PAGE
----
TB can affect almost all organ systems. Skeletal TB accounts for approximately 10% of extrapulmonary cases. The weight-bearing joints (spine, hips, and knees) are most often affected. Hip TB manifests as synovitis, arthritis, joint destruction, osteomyelitis, cold abscess, joint dislocation, sclerosis, pseudoarthrosis, and infection of a prosthetic joint.

Presenting symptoms of hip TB include fever, night sweats, and joint pain. Symptoms are typically worse at night. Reduced appetite, weight loss, and cold abscess with or without drainage are also seen. TB usually affects a single joint and can mimic worsening osteoarthritis, rheumatoid arthritis, or pyogenic arthritis. Common causes of AVN are trauma, corticosteroid use, pancreatitis, systemic lupus erythematosus, alcoholism, gout, sickle cell disease, and infiltrative diseases (e.g., Gaucher’s disease).

A high index of clinical suspicion is often needed to diagnose TB of the hip. Radiologic findings that arouse high suspicion are periarticular osteopenia, joint-space narrowing, soft-tissue inflammation with minimal periosteal reaction, multiple subarticular cysts, bone destruction or sclerosis without evidence of bone formation, and sequestrum affecting both bones of the joint. MRI is the preferred imaging modality. It provides excellent details of the joint anatomy, tenosynovial involvement, and location of abscesses.

DIAGNOSIS

Aspiration of a tuberculous joint reveals leukocytosis with lymphocytic predominance and may reveal TB bacilli on acid-fast stain or culture. When aspiration is insufficient for diagnosis, joint biopsy reveals classic TB granuloma with TB bacilli on stain and culture. New techniques, such as polymerase chain reaction, permit rapid confirmation of the diagnosis and an estimation of drug sensitivity.

Immunosuppressed patients pose a diagnostic challenge. The presenting symptoms can be very nonspecific and insidious, and overt clinical symptoms, such as fever, leukocytosis, joint pain, swelling, erythema, and reduced range of motion, may not be evident until later in the disease. In addition, PPD skin testing may be falsely negative in immunosuppressed patients. TB has a higher incidence and greater extrapulmonary involvement in patients suffering from AIDS.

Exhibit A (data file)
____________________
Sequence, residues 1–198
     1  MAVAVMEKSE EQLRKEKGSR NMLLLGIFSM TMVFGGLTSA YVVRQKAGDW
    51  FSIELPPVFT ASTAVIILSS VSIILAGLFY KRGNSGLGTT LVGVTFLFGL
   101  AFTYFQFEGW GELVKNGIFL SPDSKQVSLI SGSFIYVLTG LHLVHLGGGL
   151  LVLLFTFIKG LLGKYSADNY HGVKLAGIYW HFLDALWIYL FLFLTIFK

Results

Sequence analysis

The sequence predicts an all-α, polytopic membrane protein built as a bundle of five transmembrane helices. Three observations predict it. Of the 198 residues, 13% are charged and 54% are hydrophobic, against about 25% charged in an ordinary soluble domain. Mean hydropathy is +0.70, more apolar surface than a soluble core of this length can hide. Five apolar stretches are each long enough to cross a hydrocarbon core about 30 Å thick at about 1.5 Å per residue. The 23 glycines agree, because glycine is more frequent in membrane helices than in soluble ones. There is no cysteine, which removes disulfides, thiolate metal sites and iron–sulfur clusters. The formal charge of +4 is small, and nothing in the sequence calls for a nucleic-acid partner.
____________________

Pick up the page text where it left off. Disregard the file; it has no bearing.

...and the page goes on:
TREATMENT

The primary approach to hip TB uses at least three antimycobacterials, including a bactericidal agent. The CDC currently recommends four drugs: isoniazid, rifampicin, pyrazinamide, and ethambutol or streptomycin, depending on susceptibility results. Treatment must be continued for at least 12 months. Surgery is an option for refractory cases or those with severe osteoarticular involvement. Excision arthroplasty of the hip is well established as a primary or a salvage procedure. Most patients recover with a relatively painless and stable joint, although some have limb-length discrepancy and altered gait. Arthrodesis to fix the greater trochanter to the iliac wing carries the risk of complications, such as nonunion, partial union, and ipsilateral knee and back pain. Total hip replacement is recommended when there is extensive joint damage or AVN of the femoral head. In this situation, surgery is coupled with at least 12 months of chemotherapy to prevent recurrence of TB in the joint.

Dr. Sharma is a resident in internal medicine at St. Barnabas Hospital, Bronx, N.Y., where Dr. Kulshreshtha is an attending physician in internal medicine, Dr. Epstein is an attending physician in infectious diseases, and Dr. Lazo De La Vega is an attending physician in internal medicine. The authors wish to thank Norma M. Keller, MD, chief of cardiology, Bellevue Hospital, in New York City, for her assistance with this article.